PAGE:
That would force Trump to contemplate issuing the first veto of his presidency, which the president’s critics in Congress would probably lack the votes to override. But Nadler said that if their resolution is vetoed, House Democrats would challenge the emergency declaration in court.
McConnell has been warning against an emergency declaration publicly and privately for weeks, but on Thursday he told senators he had informed the president he would support the move. According to two officials with knowledge of the exchanges who spoke on the condition of anonymity because they were not authorized to speak publicly, Trump had been leaning against supporting the congressional spending bill but relented after several conversations with McConnell, who then announced his agreement to go along with an emergency declaration.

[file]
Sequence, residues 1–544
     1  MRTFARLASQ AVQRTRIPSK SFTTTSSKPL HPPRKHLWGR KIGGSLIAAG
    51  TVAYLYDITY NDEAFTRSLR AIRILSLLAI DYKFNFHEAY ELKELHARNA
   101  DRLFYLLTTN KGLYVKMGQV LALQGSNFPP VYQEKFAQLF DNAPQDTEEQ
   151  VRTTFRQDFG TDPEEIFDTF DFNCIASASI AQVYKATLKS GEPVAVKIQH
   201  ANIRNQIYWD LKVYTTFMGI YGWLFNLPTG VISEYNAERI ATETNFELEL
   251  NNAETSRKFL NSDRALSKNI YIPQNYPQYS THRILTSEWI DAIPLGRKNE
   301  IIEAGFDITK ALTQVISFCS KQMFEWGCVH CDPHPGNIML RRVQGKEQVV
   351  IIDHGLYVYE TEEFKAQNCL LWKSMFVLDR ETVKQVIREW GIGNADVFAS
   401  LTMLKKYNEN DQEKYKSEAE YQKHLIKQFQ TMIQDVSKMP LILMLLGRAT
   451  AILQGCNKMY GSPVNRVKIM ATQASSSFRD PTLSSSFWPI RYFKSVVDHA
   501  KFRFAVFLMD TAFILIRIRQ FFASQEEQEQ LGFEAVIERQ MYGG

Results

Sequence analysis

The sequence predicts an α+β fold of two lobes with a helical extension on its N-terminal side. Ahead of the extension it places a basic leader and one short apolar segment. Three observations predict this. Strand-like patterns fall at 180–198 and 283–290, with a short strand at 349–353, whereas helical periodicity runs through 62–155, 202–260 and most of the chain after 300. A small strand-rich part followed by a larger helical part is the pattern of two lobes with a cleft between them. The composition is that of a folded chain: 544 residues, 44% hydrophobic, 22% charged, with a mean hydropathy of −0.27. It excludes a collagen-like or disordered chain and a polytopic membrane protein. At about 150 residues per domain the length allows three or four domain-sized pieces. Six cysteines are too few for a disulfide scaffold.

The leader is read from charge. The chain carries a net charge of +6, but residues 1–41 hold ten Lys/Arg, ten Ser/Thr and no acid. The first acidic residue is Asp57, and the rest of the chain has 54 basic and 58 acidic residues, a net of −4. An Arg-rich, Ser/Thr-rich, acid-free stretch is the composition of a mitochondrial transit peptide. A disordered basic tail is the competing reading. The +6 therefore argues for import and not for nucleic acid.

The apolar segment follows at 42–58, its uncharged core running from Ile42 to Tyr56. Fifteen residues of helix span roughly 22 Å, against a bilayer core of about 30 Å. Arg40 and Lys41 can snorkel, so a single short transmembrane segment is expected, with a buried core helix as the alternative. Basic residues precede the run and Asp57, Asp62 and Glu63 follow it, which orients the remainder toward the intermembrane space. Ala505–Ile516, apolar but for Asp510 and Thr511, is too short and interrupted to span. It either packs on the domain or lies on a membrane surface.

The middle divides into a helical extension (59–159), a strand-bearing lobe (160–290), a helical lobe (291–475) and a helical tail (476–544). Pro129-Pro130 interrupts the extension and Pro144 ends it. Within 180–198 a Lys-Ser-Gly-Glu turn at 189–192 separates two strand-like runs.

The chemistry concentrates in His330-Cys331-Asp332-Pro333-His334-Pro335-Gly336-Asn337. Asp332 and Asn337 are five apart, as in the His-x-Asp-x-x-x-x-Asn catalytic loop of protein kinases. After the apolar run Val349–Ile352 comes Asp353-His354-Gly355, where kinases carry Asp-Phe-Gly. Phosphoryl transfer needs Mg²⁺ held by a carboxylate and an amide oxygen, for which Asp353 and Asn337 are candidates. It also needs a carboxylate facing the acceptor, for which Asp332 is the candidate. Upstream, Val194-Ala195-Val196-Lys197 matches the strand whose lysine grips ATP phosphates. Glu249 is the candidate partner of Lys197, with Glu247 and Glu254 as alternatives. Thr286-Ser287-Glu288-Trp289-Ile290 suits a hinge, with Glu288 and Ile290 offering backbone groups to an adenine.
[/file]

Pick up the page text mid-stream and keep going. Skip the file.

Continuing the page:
Although Trump has been hinting for weeks at plans to declare a national emergency, his decision caught some lawmakers by surprise and divided Republicans.
Sen. Susan Collins (R-Maine) said that an emergency declaration would “be a mistake.”
“I don’t think it’s a good idea to do it this way,” said Sen. Marco Rubio (R-Fla.). “I don’t believe that’s the way we should be doing these sorts of things. I actually think that there’s a real constitutional question about it.”
The White House Counsel’s Office has warned Trump against declaring a national emergency, calling it a “high litigation risk,” according to a person with knowledge of the discussions who spoke on the condition of anonymity to reveal private deliberations.
Lawyers encouraged Trump to reprogram money without declaring a national emergency. But the president has been inclined toward the declaration, in part because he sees it as an avenue to more wall money, according to administration officials who spoke on the condition of anonymity because they were not authorized to speak publicly.
Republican lawmakers also warned that an emergency declaration would set a bad precedent for a future Democratic president — and House Speaker Nancy Pelosi (D-Calif.) suggested that if Trump is going to declare a national emergency to build his wall, a Democratic president might take the same step to address gun violence.